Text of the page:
When you’re starving, your primal brain takes over–literally, your animal instincts kick in. Your brain is wired to feed you, because it’s job is to keep you alive. So when you get to a depleted state, the primal urges will override the logical thoughts to eat healthy. By nature’s law, you won’t be able to resist your favorite tempting foods when you’re starved. (This happens with sex, too…but that’s another topic.)

4. You’re filling up on empty.

You know you like something sweet after dinner, but you don’t want to eat junk. You’ve found an expanding variety of sugar free candies available at your local grocery store. They have chocolate truffles, Reece cups, Hershey’s chocolates, chocolate peanut clusters, mint patties…almost any candy delight you’d want now in sugar free.

Sugar free has all those strange chemicals. But the candies do suprisingly taste okay. Not as good as the real thing, true. But still not bad. And at 1/2 the calories! And no sugar! It’s a win/win. So you decide to eat 5-6 chocolate peanut clusters after dinner. Yum. Then you go ahead and have some chocolate with caramel, because–after all–they’re sugar free. So not nearly as harmless as the real stuff. 12 pieces of candy later, you call it a night.

The faux candies play weird tricks on your primal brain. You get filled, but it’s not exactly the real thing. So your primal brain, the inner animal that was craving the real thing, is perplexed. Your logical brain rationalizes that it’s less calories, and keeps feeding your primal animal. However, at the end, your animal is left pseudo-satiated.

5. You whole-heartedly believe that you have no control around food.

As many times as you’ve tried to be “normal” and have your favorite foods in the house without eating them all at once, you know that you always cave in after a day or two. You think about the food sitting there..so easily available. It’s your favorite. It feels like every time in the past when you’ve tried to resist and eat only a small portion, it doesn’t work. You can’t maintain your willpower. So, you simply have stopped having your favorite foods around. Now you only have foods you should eat.

When this happens, you are basically badgering yourself at every meal. You’re not giving yourself permission to have what you’d really like, because you tell yourself you don’t have control. So you won’t have control. You can’t act in a way that is directly in opposition of what you believe.

As you start to make it okay to have exactly what you want–no matter how indulgent–your initial urges for whatever junk food you crave most will become satiated. Over time, by checking in with your body to see what it is you really want and how you feel as you eat the food, very naturally your body starts to want the things that makes it feel most alive: whole foods, vegetables, fruits, etc.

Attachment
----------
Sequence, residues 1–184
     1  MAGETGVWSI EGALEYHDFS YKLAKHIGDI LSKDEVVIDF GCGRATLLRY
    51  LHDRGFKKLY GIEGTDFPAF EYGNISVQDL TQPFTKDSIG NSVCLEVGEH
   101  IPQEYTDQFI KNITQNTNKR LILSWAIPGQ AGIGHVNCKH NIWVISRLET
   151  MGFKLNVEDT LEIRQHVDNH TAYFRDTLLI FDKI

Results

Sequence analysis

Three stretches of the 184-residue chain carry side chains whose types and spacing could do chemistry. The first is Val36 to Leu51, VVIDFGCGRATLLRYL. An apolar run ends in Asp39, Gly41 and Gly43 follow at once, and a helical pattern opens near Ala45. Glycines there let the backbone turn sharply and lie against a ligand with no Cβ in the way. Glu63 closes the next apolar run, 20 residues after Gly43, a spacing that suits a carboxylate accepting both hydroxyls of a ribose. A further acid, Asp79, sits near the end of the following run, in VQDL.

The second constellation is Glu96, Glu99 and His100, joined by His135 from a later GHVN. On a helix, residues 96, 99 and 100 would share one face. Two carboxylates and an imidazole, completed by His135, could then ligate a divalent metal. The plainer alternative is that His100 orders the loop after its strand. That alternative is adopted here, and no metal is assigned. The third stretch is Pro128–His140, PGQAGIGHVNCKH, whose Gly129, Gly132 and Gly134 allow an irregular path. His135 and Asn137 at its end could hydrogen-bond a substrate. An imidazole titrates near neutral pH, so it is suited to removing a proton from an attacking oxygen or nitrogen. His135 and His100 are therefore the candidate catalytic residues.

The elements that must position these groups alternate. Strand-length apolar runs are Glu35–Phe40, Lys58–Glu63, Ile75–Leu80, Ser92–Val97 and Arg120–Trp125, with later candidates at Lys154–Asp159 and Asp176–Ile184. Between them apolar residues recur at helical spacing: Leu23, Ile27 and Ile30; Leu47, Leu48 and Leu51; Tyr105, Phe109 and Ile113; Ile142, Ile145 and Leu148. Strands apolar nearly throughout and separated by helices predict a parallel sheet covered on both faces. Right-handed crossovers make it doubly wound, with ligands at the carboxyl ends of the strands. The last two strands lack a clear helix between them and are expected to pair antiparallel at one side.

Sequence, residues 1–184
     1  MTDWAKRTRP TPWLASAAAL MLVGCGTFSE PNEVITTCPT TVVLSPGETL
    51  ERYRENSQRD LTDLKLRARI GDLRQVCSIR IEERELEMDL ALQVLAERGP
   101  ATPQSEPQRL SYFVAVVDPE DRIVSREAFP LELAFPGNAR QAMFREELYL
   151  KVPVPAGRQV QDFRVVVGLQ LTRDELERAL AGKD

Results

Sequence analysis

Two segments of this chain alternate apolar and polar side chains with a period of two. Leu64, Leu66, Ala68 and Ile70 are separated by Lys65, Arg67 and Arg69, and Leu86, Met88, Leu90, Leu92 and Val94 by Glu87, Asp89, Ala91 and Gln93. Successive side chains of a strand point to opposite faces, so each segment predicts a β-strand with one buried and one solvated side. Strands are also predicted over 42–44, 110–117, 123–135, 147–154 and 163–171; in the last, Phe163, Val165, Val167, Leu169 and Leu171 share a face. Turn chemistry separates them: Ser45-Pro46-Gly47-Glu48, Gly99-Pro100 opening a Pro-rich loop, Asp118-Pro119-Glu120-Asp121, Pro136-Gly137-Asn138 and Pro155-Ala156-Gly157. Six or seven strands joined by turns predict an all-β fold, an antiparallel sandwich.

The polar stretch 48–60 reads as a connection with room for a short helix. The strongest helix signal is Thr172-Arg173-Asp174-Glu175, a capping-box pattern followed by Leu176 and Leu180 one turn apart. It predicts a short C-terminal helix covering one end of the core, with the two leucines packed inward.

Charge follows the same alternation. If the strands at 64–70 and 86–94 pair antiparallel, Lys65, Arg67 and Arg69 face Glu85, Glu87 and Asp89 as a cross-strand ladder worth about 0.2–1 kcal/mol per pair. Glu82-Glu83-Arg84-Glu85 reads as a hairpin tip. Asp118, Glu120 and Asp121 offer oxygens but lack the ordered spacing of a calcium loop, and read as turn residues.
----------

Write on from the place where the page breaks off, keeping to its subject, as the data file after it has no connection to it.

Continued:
But the critical part is going through allowing yourself to have the junk food first. It’s like passing through “Go” in Monopoly. When you allow yourself to have it, you must really embrace it: stay present, savor every bite, really go for it.

6. You’ve made a habit out of one of (or all of) the above.

Regardless of how you got to this situation, now you’ve gotten here…and it was what also happened to you a couple days ago, and a couple days before that. You recognize this familiar situation and know it’s not the first time you’ve responded by eating more than you intended.

Your brain has gotten used to the beliefs or triggers and responses that have led you to overeating.

Once you repeat a series of thoughts and/or behaviors, they become ingrained in your brain. Your brain literally reshapes around the new neural connections you’re making. So it gets easier and easier to do the same thing. So, you may not be overeating today as a response to “avoiding emotions” or “childhood trauma” or whatever conventional therapy suggests. You might be dealing with a very well-ingrained habit. Your behaviors are on autopilot, doing what they’ve gotten used to doing.

It’s going to require serious effort and questioning yourself when you have thoughts to keep eating or to check out.

But it is possible, and probable if you stay committed to getting through it and forming a new habit. Our brains are super efficient, so each time you do it, it gets easier.

If you want to learn how to break through your habit of overeating or binge eating, my Binge Eating Breakthrough ebook is for you. You'll learn powerful tools and distinctions to be able to understand and overcome your urges to eat more than you want. You'll also learn step-by-step strategies for managing your cravings and feeling control with food.